There have been such huge gaps in my blog updates – it’s embarrassing. Honestly, the last few months have been a rollercoaster ride. After coming back from vacationing in India, we were thrust right into the routine of our everyday lives. But is there such a thing as routine in the work life of a professional chaplain?
So much has happened in the last few months both at work and personally. There is plenty to reflect upon and each of the major events in the last few months will be shared in future posts. But for now, I am reflecting on the freedom to express oneself. Apt, I reckon, since it is India’s 72nd Independence Day today.
The world of clinical chaplaincy is so fascinating. I’ve been getting to experience what it is like to be the family of a patient due to hospitalizations of a very close family member. It has pushed me more to reflect on how I felt being in a hospital in a state that I am not familiar with and supported by those who I rely on most for strength and comfort.
Does everyone have the freedom to reach out to those who are a source of strength and comfort for them? Is it possible for loved ones to always be there? Is it not gut-wrenchingly difficult to leave a loved one in the hospital overnight? And in some cases, add on a layer of a language barrier. Can you imagine what it feels like to be them?
In a world full of evidence-based outcomes, how do I ‘show’ what it feels like when my loved one is intubated? How do I ‘show’ the sense of freedom that comes with being to express one’s concerns in a language that is understood by both the care-giver and the care-receiver?
So many questions – some rhetorical of course.
Freedom to express – a beautiful thing nevertheless.
Until next time,
“If I can’t make it through one door, I’ll go through another door- or i’ll make a door. Something terrific will come no matter how dark the present.” ~Rabindranath Tagore
One of the most gratifying aspects of hospital chaplaincy is being able to witness how families come together in support of their loved one’s wishes – even if it means going against what they would have wanted for their loved one.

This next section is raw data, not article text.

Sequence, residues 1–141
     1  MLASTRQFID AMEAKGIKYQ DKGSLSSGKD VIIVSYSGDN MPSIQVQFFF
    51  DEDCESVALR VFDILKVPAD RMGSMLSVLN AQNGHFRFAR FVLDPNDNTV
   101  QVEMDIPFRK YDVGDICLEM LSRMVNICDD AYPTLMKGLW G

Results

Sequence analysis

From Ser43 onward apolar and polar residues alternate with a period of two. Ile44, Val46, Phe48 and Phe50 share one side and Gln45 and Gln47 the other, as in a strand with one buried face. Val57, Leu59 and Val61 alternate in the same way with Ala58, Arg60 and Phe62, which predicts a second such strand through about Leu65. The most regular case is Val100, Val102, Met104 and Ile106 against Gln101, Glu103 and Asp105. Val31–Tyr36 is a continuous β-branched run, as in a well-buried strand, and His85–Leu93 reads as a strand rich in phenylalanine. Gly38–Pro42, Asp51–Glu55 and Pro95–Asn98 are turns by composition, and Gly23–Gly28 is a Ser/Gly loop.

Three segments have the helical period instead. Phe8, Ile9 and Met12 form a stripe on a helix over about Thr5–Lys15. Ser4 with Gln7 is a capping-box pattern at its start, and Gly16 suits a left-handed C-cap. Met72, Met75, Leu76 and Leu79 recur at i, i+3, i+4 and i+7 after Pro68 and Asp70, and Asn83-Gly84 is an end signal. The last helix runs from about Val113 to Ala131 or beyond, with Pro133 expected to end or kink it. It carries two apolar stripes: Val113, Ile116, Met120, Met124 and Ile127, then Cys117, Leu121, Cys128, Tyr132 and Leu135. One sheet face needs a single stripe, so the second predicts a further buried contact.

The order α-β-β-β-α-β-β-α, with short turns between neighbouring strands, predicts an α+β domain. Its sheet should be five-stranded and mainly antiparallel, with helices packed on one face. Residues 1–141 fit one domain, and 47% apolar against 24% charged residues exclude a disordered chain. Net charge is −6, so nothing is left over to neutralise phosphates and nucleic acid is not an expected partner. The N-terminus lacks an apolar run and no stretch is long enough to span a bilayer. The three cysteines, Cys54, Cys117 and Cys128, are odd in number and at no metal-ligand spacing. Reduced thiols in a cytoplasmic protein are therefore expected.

Organ donation is a major, albeit sensitive, topic in a hospital setting. Generally, it has not been a major topic of conversations among families and friends since frankly, it isn’t exactly a fun talk. As a hospital chaplain, I get a chance to walk through with patients and families after they have made a decision to donate organs. The entire process is so profound. Receiving feedback on how many people were helped through donation is even more gratifying, especially for those loved ones left behind.
So what does Hinduism have to say about organ donation? Hindus agree that the body is the temporary carrier for the soul and the soul is a priority. Thus, the attachment to the human body is to be negligible, especially at the time of death. With this belief process, the willingness to donate organs is more understandable. Having said that, the ultimate decision is made by the individual and/or their next of kin. Since Hinduism is such an open source faith tradition, Hinduism Today has some articles that briefly touch upon different perspectives on organ donation.
There is a lot of work ongoing to promote awareness regarding the need for more organ donors, especially those of Asian, South Asian origin. There is a dire need both here in the USA as well as India. There are some fantastic informercials that are being aired and circulated both on television and on social media. Here’s a link to one from Fortis Healthcare:
If possible, please agree to donate.
Until next time,
Who am I? Not the body, because it is decaying; not the mind, because the brain will decay with the body; not the personality, nor the emotions, for these also will vanish with death. ~ Ramana Maharshi